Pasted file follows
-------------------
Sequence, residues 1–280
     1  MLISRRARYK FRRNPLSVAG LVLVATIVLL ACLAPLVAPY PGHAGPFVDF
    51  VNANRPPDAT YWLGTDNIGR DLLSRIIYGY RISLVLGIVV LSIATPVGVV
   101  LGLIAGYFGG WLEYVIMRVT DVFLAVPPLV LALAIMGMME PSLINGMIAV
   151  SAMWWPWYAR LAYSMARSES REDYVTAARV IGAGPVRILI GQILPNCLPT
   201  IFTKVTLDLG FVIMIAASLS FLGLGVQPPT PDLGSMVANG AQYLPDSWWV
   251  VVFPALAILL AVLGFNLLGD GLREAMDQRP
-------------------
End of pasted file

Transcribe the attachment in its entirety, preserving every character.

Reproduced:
Sequence, residues 1–280
     1  MLISRRARYK FRRNPLSVAG LVLVATIVLL ACLAPLVAPY PGHAGPFVDF
    51  VNANRPPDAT YWLGTDNIGR DLLSRIIYGY RISLVLGIVV LSIATPVGVV
   101  LGLIAGYFGG WLEYVIMRVT DVFLAVPPLV LALAIMGMME PSLINGMIAV
   151  SAMWWPWYAR LAYSMARSES REDYVTAARV IGAGPVRILI GQILPNCLPT
   201  IFTKVTLDLG FVIMIAASLS FLGLGVQPPT PDLGSMVANG AQYLPDSWWV
   251  VVFPALAILL AVLGFNLLGD GLREAMDQRP